When the family member arrived she found the front door unlocked and Bellamy in the home with 'major injuries' to his face. Bellamy told police that a man had entered his home, beaten him and taken an undisclosed amount of money from the residence.

    Bellamy was taken to a local hospital where he was treated for his injuries. Police are investigating the incident. Anyone with information about the case is asked to call 872-3112.  

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    PANAMA CITY BEACH - Deputies responded to a home in Bay Point when a woman called to report Benjamin Quattrocchi had stolen her 38 revolver Sunday morning at about 9 a.m.

    The victim stated Quattrocchi had paid someone to give him a ride to her home. While visiting he asked to see her revolver. The victim brought out the firearm and then left Quattrocchi alone for a moment. When she returned to the room, he was gone and the gun was missing. The victim did not immediately report the theft, but was calling now because a mutual friend of hers and Quattrocchi’s had called her to inform her that Benjamin Quattrocchi had just threatened someone with the gun, according to a news release.

    Subsequent investigation revealed Quattrocchi had earlier arranged for a man to drive him to Bay Point and then to a storage unit business on Thomas Drive in exchange for gas money. Once Quattrocchi left the Bay Point home with the stolen firearm, the driver of the vehicle told deputies he noticed Quattrocchi acting very strange, almost frantic, so he asked him what was wrong, according to a news release.

    It was then that Quattrocchi allegedly put the gun to the driver’s head and demanded he be given a ride or he would kill the driver, officials wrote. The driver told investigators he drove until he saw a gas station and convenience store on Magnolia Beach Drive. He pulled into the parking lot and jumped out of the car and ran and hid inside the bathroom in the convenience store. When he finally came out to his car, Quattrocchi was gone. The driver explained he feared for his life and had been held against his will due to the threat with the firearm. Investigators located Benjamin Quattrocchi at about 10 a.m. and placed him under arrest.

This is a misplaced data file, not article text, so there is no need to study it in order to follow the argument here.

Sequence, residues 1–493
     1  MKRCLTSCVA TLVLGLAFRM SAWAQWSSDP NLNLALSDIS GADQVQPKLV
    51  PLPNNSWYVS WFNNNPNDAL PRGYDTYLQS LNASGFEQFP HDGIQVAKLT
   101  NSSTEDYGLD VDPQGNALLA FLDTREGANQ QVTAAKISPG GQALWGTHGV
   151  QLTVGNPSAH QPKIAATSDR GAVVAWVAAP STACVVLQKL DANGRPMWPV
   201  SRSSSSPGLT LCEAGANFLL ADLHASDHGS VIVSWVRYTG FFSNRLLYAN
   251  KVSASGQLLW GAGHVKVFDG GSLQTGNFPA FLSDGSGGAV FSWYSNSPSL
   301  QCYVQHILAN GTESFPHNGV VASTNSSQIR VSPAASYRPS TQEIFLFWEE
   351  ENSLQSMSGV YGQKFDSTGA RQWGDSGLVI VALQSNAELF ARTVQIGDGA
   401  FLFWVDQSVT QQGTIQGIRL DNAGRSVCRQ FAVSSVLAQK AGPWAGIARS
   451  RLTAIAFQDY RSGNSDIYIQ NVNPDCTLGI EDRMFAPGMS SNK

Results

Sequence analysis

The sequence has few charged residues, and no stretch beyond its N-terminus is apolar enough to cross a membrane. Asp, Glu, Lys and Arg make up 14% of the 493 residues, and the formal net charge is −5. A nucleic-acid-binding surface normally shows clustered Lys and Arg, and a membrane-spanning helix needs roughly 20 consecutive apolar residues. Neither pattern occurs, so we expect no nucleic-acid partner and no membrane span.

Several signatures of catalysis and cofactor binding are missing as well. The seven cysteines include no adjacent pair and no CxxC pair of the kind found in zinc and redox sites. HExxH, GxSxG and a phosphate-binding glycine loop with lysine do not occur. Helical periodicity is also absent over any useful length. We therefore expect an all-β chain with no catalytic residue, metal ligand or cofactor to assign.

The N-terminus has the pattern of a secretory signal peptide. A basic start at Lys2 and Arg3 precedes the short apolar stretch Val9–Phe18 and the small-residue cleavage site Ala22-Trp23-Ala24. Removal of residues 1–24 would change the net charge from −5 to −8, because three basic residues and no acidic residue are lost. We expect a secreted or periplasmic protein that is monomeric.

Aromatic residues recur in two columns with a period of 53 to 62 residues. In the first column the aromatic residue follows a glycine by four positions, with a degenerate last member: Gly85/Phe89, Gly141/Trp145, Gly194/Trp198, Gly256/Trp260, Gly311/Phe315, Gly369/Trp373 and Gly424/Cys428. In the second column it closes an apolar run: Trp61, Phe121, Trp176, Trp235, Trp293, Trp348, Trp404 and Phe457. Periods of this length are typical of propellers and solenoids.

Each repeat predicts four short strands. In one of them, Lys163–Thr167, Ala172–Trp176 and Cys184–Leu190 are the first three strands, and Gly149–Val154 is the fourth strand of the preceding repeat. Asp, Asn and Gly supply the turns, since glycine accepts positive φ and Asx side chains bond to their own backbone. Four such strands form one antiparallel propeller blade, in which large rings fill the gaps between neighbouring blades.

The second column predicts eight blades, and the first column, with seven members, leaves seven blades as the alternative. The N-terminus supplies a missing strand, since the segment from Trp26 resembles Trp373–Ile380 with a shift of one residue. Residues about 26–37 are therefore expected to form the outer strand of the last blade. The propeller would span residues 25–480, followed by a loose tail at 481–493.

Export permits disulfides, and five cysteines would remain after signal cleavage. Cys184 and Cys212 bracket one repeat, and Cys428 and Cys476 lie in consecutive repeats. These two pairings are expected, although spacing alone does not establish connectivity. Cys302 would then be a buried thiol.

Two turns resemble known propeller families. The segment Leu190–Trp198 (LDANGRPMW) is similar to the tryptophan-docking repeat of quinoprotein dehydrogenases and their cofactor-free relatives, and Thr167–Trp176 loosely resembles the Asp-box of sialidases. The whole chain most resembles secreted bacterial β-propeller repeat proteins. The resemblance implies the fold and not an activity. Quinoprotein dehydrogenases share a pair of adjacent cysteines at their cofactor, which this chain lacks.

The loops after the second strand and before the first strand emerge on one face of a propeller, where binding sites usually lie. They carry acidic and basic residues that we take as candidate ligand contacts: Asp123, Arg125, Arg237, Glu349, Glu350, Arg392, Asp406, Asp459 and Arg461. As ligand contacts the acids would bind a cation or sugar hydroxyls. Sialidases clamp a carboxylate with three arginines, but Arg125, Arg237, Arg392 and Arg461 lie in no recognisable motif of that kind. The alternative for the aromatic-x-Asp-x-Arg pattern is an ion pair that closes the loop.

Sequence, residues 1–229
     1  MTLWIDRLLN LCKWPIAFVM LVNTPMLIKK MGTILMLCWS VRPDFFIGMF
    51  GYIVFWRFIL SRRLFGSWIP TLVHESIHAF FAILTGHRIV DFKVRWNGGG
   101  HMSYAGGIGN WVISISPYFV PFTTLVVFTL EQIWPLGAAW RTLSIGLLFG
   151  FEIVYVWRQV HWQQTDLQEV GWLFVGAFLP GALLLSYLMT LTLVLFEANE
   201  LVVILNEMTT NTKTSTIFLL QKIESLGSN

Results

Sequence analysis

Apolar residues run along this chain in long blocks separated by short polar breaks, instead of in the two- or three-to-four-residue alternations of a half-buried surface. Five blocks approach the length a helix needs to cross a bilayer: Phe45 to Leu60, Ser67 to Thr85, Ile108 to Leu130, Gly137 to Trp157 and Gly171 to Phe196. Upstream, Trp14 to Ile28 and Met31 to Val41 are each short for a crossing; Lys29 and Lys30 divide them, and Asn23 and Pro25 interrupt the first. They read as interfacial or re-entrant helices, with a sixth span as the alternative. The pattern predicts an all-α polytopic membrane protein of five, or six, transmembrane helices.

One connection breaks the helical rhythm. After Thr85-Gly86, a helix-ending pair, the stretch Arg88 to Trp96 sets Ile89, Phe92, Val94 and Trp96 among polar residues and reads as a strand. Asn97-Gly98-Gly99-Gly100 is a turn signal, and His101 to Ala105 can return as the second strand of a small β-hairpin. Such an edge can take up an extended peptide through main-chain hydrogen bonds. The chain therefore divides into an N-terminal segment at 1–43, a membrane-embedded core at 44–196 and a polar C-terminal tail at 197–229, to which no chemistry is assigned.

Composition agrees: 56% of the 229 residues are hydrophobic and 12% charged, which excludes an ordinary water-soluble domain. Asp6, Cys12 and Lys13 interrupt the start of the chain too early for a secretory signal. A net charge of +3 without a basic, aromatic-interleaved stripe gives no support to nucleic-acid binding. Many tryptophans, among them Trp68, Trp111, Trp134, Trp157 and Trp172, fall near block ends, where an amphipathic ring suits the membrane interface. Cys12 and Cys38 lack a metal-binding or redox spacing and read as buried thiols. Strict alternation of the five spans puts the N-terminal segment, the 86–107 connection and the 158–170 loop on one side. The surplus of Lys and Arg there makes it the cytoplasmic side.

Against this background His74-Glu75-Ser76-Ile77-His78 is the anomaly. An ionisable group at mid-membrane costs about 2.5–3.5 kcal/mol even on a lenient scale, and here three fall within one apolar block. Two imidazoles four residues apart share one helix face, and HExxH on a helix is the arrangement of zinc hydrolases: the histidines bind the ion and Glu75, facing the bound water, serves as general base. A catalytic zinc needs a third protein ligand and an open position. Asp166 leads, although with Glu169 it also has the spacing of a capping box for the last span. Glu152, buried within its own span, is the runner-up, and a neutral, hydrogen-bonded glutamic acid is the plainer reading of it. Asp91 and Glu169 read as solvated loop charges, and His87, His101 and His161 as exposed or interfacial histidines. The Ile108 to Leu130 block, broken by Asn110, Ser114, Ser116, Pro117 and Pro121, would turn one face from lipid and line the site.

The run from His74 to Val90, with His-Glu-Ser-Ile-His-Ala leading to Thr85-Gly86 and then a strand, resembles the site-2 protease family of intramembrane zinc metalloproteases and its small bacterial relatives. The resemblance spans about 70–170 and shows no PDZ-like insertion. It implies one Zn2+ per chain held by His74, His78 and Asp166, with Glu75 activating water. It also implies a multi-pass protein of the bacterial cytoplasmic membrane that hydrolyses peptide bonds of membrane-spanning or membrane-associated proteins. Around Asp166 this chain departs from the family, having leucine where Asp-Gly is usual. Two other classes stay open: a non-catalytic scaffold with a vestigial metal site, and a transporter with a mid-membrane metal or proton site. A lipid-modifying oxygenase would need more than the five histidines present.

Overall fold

Quattrocchi, 71, of Panama City Beach, was charged with theft of a firearm, aggravated assault, and false imprisonment.

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    YOUNGSTOWN -- Deputies last week arrested a man on suspicion of giving alcohol to a juvenile and then having sex with her, according to the Bay County Sheriff’s Office.

    James Timothy Cooper, 37, told deputies he was so intoxicated he couldn’t remember if he had sex with the victim, who told investigators Cooper twice had sex with her.

    Cooper was arrested and charged with two counts of sexual battery of a child under 18, a first-degree felony. His bond is set at $500,000, and his arraignment is scheduled for May 13.

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    TAMPA — A researcher from the University of South Florida said Tuesday a team of forensic experts is using DNA, skeletal analysis and digital X-rays to identify the remains from a former reform school on the Panhandle.

    Erin Kimmerle and Hillsborough County Sheriff David Gee met with U.S. Sen Bill Nelson to share what they have found at the Arthur G. Dozier School for Boys.
    So far, Kimmerle said, DNA has been fully analyzed on 12 sets of remains.

    “It’s a very slow process, but it’s thorough,” she said.

    University of South Florida researchers began excavating the graveyard at the now-closed school in September. The dig finished in December.
    Official records indicated 31 burials at the Marianna site, but researchers found the remains of 55 people.

    Some former students from the 1950s and 1960s have accused employees and guards at the school of physical and sexual abuse, but the Florida Department of Law Enforcement concluded after an investigation that it couldn’t substantiate or dispute the claims.

    Kimmerle said that it will take months to extract and analyze the DNA from the 55 exhumed bodies. Hillsborough County Sheriff David Gee said his agency is trying to help by looking for relatives of some of the boys that were known to have been buried at the school.

    Kimmerle showed Nelson a computerized image of a young boy — a facial composite of one of the sets of remains excavated from the site. The photo is of an African American boy, about 10 years old.

    “It’s an effort to put a face with the remains,” she said.

    All the bodies found were interred in coffins either made at the school or bought from manufacturers, Kimmerle said. Some were found under roads or overgrown trees, well away from the white, metal crosses marking the 31 officially recorded graves.

    Some residents have questioned whether the graves are related to the alleged abuse at the school and have said the graves shouldn’t be exhumed without permission from surviving relatives.

    Kimmerle that it’s unclear if there are other graves elsewhere on the school site. The property is 1,400 acres and her team has excavated about five acres — although she has received tips that graves are located elsewhere on the property.